• Jordan | September 18, 2013 9:35 AMReply

    Things take twice as long shooting film for no budget/low-budget creators.

    Ultimately, many filmmakers want to "see what they got" which is impossible on film. Technical difficulties are much easier to spot/correct, which is essential. All you need is one pinhole of flashed film, a wonky mechanical part in the camera, etc. and you can ruin one or more days on a film set.

    That said, I like Paula's suggestion. I know if I had the money I would shoot film, but after using the Arri Alexa on my last short, I find even less reason to deal with the risk of film.

  • Alessandro Machi | September 18, 2013 8:02 PM

    It may take longer to acquire on film, but the point is it may be quicker to actually edit the project specifically because there is less overall footage to sort through. I think people who have seen a lot of reality television and are into non-stop coverage of people winging it can't comprehend the value of film.

    However, if one actually has a minds eye about what they want, and it doesn't involve a gaggle of special effects, film can easily be a logical choice.

    Look at it this way, 100 entries come in to a contest, five were shot on film, who thinks the five films will be the five least liked? The odds are the five films will probably overall have a better result than digital simply because it IS harder to finish a project on film versus video.

    It seems like the argument is being made that, it is easier to shoot on digital than film, therefore the product will come out better, whereas the real argument to be made is... it is easier to shoot on digital, therefore the project might be more affordable to make.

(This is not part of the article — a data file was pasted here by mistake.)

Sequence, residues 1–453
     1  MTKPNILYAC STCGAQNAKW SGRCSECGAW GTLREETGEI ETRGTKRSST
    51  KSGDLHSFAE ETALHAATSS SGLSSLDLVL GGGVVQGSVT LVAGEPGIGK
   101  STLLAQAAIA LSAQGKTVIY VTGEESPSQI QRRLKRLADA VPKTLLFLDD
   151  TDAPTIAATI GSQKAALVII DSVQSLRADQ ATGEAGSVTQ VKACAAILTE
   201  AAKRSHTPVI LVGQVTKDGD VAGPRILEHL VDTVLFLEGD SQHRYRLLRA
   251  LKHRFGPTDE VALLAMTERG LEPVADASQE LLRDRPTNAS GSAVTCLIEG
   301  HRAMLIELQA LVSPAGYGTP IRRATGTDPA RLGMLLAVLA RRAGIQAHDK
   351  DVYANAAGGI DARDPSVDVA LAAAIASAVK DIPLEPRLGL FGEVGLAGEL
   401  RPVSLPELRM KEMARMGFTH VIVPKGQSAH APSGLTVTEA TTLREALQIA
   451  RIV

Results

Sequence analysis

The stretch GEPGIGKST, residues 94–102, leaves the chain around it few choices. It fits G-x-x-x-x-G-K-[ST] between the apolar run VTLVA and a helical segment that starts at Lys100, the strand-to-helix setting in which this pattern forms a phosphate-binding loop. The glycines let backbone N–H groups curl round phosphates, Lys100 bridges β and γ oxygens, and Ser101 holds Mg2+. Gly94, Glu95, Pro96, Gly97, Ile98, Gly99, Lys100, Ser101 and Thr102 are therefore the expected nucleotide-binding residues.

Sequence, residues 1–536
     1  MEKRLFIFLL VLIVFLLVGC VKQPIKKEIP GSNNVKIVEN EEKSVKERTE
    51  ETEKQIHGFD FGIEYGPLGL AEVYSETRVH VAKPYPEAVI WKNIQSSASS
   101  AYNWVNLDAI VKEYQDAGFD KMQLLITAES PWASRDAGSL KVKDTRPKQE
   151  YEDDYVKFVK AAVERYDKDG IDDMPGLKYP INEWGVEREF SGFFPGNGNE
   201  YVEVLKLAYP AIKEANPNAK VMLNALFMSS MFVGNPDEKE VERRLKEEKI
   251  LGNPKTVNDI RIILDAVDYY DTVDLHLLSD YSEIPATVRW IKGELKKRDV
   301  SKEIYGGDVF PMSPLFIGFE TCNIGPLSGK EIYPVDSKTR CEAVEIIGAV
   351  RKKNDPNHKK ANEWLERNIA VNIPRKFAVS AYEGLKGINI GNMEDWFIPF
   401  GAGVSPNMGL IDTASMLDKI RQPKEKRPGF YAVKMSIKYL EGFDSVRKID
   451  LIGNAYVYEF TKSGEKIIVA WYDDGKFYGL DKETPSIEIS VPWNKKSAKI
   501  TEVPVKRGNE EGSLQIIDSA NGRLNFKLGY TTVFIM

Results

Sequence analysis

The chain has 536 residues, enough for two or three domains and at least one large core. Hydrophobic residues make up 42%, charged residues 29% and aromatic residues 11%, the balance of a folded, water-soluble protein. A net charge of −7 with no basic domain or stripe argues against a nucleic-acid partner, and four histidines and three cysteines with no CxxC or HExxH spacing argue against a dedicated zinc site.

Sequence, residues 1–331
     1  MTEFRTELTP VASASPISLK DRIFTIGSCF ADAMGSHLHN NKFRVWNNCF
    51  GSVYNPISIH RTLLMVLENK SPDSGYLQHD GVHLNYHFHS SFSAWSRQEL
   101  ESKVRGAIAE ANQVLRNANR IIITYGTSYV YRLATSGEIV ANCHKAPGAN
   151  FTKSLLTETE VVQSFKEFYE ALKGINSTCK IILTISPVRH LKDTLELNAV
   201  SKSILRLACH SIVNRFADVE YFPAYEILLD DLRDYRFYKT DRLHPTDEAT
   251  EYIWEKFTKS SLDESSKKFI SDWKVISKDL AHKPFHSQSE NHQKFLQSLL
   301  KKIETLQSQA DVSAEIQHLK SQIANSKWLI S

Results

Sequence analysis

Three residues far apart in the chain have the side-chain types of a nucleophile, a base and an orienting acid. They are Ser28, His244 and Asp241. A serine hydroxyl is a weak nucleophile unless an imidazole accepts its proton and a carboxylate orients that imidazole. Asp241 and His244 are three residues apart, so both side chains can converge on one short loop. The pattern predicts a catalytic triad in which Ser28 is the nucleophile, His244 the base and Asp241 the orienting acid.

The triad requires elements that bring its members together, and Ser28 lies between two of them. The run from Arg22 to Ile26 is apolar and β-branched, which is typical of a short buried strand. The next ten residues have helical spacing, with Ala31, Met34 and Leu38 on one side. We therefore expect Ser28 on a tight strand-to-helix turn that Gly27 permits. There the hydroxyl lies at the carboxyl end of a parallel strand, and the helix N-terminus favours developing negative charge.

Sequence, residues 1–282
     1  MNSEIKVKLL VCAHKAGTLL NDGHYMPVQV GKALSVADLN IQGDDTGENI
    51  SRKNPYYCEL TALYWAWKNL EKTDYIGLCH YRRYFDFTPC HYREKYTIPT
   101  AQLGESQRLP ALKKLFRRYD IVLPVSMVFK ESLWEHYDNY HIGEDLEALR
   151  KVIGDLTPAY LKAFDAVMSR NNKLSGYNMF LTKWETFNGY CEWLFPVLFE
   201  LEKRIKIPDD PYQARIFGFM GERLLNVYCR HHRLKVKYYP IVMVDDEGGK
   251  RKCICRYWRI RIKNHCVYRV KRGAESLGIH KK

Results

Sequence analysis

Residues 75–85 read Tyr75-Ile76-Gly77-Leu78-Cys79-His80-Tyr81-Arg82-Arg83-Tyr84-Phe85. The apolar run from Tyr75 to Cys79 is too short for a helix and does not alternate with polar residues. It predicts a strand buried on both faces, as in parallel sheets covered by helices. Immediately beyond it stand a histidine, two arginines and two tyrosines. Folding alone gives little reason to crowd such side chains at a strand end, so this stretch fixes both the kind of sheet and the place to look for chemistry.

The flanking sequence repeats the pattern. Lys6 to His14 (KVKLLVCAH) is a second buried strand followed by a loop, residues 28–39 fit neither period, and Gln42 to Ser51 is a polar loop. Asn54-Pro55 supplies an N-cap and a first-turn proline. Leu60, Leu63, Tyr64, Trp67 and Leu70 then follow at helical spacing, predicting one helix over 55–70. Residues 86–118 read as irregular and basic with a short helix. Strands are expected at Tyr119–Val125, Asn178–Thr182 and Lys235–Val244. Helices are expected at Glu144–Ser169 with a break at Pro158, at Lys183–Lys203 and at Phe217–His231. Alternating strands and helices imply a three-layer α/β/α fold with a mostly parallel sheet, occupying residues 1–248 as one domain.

However, that does not mean it will come out better than if it had been shot on film.

  • paula | September 18, 2013 9:18 AMReply

    It is so much more expensive and you need more people on set. Maybe the "shoot on film" incentive should came in the form of a cheque... or some fund for "indie films that dare". We all love film, the problem is we can´t afford it...

  • Alessandro Machi | September 18, 2013 8:03 PM

    I've read accounts in which film B-crews are much more mobile than their digital counterparts because they can actually shoot in more contrasty situations without having to light.

  • Jackson | September 18, 2013 9:16 AMReply

    11. It's way more expensive

  • Stranger than fiction | September 19, 2013 12:27 AM

    It is probably top secret information but Kodak actually went the wrong way by making huge profits by selling film stock way too expensive when its production cost was not so high plus they did not enter the digital world the right way. This is probably why they probably deserve bankrupcy after all.

    Nevertheless we don´t deserve to be punished as well, I love film and I am probably one of the number 1 fan of film, mainly because all of the above is true + I believe film stocks and film look itself is still today unrivaled by Digital technology ( to my eye not quite good enough, 4k is even worst it is starting to make look my images like came out from a video game). On the other end who is making any new film cameras now??? Arri?? Panavision??? I would use film if the price is right and it makes sense for the project... Anyone has an ARRI SR3 wants to get rid of I have a ton of 16mm footage I want to shoot.